Saturday, February 11, 2012

Like Men Determined

     On February 12, 1776, Congressman John Penn from North Carolina wrote to Thomas Person, "General Clinton left Boston about three weeks ago.  He called at New York last week to pay Governor Tryon a visit...."
     Irish-born William Tryon served as the lieutenant-governor and then governor of North Carolina (1765-1771) before becoming governor of New York (1771-1780) for the British.  Penn suspected Clinton planned to invade North Carolina and wanted Tryon's advice on that province.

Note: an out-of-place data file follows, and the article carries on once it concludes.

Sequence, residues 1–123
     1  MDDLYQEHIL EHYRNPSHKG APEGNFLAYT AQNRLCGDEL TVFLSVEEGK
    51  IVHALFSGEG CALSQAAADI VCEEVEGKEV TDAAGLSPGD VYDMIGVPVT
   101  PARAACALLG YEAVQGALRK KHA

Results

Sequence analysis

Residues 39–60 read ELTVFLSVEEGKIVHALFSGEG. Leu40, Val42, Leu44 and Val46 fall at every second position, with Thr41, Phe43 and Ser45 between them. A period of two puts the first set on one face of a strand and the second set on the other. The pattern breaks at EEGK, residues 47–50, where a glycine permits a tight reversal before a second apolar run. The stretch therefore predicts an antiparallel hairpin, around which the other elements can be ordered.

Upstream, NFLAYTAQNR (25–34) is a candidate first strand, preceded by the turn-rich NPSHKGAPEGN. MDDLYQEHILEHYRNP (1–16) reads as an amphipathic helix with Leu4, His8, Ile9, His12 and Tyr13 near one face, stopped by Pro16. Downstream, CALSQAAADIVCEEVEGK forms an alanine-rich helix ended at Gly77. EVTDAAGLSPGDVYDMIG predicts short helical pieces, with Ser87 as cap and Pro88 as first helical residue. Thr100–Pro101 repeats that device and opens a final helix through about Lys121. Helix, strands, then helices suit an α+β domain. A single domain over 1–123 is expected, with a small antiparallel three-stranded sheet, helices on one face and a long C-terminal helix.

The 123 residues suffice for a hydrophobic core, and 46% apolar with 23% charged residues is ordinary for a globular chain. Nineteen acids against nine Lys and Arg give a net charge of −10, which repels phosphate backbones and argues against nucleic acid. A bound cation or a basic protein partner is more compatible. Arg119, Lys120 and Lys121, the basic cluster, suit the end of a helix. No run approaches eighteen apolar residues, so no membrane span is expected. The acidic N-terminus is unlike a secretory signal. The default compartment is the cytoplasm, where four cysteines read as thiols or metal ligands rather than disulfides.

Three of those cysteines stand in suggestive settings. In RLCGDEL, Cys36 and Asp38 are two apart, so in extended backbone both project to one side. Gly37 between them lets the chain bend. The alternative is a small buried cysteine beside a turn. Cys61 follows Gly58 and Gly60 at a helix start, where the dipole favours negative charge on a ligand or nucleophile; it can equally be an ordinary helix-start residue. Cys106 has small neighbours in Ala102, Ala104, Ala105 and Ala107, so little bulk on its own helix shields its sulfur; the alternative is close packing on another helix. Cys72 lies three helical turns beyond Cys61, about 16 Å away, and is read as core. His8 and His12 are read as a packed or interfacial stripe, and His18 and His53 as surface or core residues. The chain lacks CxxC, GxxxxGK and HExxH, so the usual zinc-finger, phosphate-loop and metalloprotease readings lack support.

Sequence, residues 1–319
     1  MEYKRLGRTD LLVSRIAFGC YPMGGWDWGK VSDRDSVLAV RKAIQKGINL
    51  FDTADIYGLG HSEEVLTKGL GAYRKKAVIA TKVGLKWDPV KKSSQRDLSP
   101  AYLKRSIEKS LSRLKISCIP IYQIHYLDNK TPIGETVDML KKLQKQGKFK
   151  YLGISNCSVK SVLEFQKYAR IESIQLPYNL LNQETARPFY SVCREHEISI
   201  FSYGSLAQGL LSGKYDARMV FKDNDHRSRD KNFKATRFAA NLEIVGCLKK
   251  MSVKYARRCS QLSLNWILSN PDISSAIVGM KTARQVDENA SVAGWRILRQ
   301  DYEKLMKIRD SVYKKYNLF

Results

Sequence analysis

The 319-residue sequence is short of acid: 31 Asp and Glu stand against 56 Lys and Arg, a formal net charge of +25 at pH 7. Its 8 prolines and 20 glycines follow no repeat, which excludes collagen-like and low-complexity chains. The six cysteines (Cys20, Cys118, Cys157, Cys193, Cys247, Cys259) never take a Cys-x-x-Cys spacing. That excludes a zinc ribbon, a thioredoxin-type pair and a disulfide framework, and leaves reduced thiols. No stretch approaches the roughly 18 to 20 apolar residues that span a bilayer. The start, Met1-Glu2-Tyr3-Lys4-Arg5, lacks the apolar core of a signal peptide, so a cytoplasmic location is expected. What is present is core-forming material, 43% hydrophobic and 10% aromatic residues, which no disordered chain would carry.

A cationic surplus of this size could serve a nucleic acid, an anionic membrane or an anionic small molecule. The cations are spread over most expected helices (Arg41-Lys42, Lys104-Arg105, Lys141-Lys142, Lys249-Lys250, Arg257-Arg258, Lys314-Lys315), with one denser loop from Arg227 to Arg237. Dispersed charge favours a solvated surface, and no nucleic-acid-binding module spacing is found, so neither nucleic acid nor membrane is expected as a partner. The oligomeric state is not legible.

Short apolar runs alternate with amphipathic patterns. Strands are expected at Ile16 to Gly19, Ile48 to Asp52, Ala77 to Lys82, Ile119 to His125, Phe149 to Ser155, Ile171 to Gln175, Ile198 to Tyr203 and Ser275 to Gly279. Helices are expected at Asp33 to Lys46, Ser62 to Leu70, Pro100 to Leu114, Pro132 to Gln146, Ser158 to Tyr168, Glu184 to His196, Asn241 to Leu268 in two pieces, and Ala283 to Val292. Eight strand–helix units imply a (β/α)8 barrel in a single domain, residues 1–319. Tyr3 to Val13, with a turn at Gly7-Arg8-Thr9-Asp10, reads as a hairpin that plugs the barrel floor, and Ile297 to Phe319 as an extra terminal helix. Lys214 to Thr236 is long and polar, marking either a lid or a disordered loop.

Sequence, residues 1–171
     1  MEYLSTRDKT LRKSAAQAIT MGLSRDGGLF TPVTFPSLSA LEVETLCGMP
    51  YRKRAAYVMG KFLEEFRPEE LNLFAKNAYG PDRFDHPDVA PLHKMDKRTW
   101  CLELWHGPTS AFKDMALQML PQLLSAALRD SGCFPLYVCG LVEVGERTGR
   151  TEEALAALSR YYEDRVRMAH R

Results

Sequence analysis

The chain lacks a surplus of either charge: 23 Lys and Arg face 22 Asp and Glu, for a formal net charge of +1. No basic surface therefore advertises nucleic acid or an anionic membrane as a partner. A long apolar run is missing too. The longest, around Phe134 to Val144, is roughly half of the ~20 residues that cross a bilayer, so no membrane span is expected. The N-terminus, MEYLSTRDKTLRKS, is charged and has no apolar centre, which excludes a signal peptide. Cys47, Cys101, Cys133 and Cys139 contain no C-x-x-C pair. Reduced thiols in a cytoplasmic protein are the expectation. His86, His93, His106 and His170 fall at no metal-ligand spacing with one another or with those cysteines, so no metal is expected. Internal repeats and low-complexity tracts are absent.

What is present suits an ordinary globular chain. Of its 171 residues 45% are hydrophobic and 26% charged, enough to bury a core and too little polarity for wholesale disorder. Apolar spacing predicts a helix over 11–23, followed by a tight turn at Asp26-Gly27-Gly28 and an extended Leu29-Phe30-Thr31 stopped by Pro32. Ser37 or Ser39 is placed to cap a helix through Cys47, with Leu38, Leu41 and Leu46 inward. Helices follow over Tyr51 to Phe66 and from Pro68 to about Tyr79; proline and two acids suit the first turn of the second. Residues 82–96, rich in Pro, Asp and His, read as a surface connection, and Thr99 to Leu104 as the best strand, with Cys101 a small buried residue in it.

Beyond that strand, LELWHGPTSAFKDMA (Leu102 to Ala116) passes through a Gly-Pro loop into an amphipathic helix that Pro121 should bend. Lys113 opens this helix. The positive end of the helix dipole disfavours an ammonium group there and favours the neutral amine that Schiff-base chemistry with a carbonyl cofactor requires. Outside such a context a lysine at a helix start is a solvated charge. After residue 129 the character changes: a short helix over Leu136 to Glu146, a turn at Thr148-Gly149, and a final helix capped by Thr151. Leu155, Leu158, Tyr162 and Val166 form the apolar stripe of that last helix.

Penn wrote, "I make no doubt but the Southern Provinces will soon be the Scene of action, as our enemies may hope to obtain greater success there than at the North....  The People to the Northward have Spirit and Resolution which I doubt not will carry them victorious through this Contest, I hope we to the Southward shall act like men determined to be free."

Paul H. Smith, et al., eds., Letters of Delegates to Congress: Vol. 3: January 1, 1776-May 15, 1776 (Washington, DC: Library of Congress, 1978), pages 238 and 239.
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